Metals: crystals (or liquids) with unlocated electrons forming a cloud which may move easily in an electrical field.
Ceramics: may allow ion conduction, depending on the properties of the crystal lattice. The mechanism often involves ions moving into adjacent fault positions.
Polymers with a mesomeric conjugation along the entire molecule may conduct electricity. Graphite layers are an extreme example for this.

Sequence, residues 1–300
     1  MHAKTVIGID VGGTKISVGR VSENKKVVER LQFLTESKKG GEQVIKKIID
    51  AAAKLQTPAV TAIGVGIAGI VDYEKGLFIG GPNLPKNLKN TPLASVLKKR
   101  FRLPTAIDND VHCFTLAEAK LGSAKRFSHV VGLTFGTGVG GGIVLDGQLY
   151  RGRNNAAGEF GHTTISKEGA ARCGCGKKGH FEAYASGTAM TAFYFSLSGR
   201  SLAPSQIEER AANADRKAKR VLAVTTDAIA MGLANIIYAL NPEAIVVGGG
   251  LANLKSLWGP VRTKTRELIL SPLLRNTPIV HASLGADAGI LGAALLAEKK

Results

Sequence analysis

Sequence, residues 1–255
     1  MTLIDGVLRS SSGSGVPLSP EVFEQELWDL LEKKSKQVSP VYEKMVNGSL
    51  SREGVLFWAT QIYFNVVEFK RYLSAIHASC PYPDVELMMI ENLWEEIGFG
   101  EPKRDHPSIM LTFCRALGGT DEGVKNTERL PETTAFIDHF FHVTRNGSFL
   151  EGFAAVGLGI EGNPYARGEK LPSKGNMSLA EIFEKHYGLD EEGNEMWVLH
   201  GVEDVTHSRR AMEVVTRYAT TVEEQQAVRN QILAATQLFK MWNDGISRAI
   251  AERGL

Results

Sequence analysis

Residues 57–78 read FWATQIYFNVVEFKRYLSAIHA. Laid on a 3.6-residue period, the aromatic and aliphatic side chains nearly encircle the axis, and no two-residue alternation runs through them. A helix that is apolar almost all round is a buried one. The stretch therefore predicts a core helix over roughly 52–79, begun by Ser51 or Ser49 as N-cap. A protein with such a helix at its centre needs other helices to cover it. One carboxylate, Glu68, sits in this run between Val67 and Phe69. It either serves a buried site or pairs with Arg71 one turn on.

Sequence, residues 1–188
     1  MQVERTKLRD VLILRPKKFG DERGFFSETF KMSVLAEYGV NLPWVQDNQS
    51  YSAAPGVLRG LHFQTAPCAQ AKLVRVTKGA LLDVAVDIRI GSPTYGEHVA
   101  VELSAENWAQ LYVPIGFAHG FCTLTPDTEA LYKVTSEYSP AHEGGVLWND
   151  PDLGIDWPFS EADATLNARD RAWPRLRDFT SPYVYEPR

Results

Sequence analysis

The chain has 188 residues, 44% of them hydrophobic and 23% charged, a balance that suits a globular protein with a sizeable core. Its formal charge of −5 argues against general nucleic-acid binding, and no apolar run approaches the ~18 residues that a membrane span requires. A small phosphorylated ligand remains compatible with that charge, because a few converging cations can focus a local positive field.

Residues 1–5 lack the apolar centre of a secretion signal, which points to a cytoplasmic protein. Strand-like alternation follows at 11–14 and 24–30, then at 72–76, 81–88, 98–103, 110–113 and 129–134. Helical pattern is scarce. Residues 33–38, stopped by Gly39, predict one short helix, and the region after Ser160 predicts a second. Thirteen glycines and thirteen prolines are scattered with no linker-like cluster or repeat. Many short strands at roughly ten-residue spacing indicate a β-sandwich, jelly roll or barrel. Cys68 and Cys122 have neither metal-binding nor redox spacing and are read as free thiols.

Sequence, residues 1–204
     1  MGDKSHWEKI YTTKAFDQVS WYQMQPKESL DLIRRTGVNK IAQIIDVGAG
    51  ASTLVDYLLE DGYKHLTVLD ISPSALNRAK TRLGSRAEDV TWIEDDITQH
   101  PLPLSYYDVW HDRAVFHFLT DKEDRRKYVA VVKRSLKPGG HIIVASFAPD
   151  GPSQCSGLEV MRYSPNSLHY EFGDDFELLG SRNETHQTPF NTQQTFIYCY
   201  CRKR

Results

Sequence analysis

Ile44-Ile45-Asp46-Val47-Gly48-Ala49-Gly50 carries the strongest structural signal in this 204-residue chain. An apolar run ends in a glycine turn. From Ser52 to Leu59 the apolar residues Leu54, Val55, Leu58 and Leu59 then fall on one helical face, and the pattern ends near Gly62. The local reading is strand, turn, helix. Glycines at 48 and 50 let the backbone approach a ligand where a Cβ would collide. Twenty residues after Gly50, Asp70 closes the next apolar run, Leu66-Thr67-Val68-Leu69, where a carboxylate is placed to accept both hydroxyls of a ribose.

Melting points and hardness of ceramics and polymers may vary.
Ceramics are basically crystallites bonded across the edges via sintering (heating just below the melting point of the constituiting crystallites). This gives them two different "melting points" - the lower one for the bonds created by the sintering process, and another one for the crystallites.
Polymers rarely melt. Chain or layered polymers can soften when the vibration energy exceeds the van der Waals attractions or dipol attractions between the macromolecules.
Polymer hardness often will be anisotropic - soft along the polymer chains or layers, hard across the macromolecules.Powered by Yahoo Answers